A young family moved into a house, next to a vacant lot. One day, a construction crew began to build a house on the empty lot. The young family’s 5-year-old daughter naturally took an interest in the goings-on and spent much of each day observing the workers.

Eventually the construction crew, all of them ‘gems-in-the-rough’, more or less, adopted her as a kind of project mascot. They chatted with her during coffee and lunch breaks and gave her little jobs to do here and there to make her feel important. At the end of the
first week, they even presented her with a pay envelope containing ten dollars.

The little girl took this home to her mother who suggested that she take her ten dollars ‘pay’ she’d received to the bank the next day to start a savings account.

When the girl and her Mom got to the bank, the teller was equally impressed and asked the little girl how she had come by her very own paycheck at such a young age. The little girl proudly replied, ‘I worked last week with a real construction crew building the new house next door to us.’
‘Oh my goodness gracious’, said the teller, ‘and will you be working on the house again this week, too?’

The little girl replied, “I will, if those a**holes at Home Depot ever deliver the f***in’ sheet rock.”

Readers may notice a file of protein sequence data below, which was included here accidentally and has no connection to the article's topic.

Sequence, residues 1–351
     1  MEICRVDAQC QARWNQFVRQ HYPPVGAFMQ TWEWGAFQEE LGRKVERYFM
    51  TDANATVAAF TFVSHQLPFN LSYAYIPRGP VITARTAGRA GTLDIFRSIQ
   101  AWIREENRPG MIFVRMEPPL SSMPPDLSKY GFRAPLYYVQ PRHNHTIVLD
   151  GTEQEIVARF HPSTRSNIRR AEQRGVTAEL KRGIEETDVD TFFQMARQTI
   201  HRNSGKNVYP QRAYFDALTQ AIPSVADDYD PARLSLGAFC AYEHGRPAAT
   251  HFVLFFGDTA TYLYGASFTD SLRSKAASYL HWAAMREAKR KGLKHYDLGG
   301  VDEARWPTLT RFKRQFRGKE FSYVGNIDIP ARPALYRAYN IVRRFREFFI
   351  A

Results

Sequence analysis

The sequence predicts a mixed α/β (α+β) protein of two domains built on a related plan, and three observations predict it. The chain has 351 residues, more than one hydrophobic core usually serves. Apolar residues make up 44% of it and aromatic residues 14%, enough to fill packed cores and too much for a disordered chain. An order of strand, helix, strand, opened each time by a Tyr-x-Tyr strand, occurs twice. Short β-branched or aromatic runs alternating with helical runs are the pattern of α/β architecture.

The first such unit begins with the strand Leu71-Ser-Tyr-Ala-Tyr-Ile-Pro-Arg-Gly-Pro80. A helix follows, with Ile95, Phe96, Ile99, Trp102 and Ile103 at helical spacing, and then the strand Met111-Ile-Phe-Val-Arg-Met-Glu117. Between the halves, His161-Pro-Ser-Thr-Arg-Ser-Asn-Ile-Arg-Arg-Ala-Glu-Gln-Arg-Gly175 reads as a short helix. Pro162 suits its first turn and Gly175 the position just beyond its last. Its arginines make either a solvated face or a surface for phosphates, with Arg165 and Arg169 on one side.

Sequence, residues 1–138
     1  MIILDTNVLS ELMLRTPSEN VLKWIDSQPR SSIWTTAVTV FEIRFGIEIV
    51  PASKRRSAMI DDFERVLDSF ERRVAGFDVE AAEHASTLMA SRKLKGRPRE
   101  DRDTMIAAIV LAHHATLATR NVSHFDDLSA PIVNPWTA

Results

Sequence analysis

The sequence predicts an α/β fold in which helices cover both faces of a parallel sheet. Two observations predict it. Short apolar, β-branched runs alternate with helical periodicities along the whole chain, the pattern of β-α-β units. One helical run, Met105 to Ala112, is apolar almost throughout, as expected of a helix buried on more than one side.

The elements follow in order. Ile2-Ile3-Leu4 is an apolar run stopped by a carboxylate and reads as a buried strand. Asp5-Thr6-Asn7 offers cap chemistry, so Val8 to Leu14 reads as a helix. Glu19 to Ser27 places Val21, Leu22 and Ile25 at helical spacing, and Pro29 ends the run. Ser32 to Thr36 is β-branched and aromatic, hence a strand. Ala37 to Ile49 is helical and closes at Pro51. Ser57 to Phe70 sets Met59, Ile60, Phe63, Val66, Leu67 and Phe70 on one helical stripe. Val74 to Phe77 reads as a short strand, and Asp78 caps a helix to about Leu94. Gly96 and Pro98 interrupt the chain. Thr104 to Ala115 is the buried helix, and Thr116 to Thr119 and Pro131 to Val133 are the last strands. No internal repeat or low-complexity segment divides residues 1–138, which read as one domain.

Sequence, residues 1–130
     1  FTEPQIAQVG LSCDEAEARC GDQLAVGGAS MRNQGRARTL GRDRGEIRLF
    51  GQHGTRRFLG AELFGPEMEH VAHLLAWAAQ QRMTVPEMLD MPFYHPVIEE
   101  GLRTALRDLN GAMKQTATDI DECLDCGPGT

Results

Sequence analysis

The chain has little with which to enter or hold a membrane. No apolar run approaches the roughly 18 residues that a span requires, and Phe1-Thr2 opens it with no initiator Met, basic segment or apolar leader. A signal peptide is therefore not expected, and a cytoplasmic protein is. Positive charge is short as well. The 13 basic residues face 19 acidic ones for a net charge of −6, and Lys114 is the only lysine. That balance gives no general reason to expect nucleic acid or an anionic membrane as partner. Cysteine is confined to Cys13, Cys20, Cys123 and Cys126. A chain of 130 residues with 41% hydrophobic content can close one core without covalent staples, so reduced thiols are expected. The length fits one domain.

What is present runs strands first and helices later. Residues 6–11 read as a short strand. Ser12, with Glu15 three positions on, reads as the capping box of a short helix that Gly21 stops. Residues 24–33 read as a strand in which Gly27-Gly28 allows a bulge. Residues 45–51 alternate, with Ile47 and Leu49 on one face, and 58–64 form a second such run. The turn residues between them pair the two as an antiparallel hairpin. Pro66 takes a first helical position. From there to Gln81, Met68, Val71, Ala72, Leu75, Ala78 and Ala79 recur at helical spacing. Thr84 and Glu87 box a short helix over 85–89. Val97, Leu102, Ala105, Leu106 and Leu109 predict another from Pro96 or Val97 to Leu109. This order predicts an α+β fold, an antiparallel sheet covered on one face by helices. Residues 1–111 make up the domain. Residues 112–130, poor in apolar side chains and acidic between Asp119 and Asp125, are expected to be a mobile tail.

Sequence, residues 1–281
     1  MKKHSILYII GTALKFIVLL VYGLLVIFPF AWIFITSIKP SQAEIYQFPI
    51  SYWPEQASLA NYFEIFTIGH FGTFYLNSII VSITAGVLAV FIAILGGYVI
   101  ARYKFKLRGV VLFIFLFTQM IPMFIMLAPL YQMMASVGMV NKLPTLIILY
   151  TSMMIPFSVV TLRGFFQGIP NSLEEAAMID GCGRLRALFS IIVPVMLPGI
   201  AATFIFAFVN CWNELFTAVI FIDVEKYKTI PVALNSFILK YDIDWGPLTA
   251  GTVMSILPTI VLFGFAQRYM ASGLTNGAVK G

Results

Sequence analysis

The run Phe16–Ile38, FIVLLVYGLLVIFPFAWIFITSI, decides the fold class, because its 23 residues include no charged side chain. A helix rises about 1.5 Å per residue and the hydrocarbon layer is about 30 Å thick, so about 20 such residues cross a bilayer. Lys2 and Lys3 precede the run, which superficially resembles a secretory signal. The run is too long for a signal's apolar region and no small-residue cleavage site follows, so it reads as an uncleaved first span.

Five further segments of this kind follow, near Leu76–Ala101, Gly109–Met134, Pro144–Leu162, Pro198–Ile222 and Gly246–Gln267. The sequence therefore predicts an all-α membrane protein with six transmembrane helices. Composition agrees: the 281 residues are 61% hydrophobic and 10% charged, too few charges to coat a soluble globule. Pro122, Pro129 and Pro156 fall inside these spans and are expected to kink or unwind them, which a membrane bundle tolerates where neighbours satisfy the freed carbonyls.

Kind of brings a tear to the eye – doesn’t it? 8)
True story:
When my folks had 5 of their 6 kids, they decided their 3 bedroom, 1 bath, 1 living area house was too small. They had to build on. So they hired the Smith Brothers, the same men who’d built the original part of the house as well as my grandparents’ home next door and my dad’s two brothers’ homes some twenty miles away. (At least they knew who they were dealing with before hand.)
They worked on the house every day, of course, and my brother was captivated by them. He spent much of the day following them around, grunting when they grunted and yelling when they yelled.
The guys brought their lunch to work, of course, and my brother paid attention to that, and what they had to eat, too.
One day when it was time for lunch, they opened up their tin lunch boxes and one of the men found his cherry pie missing–Thanks, kid!
Imagine how embarrassed my mom was. Here she was a stay at home mother with only(!) five kids and she couldn’t keep them out of the workmen’s lunch pails.
That night she baked an entire cherry pie and presented it to the carpenters with her apologies. And no, brother wasn’t punished. (How do you smack a kid for knowing what’s good? Besides, he’s the only boy. ‘Nuff said.)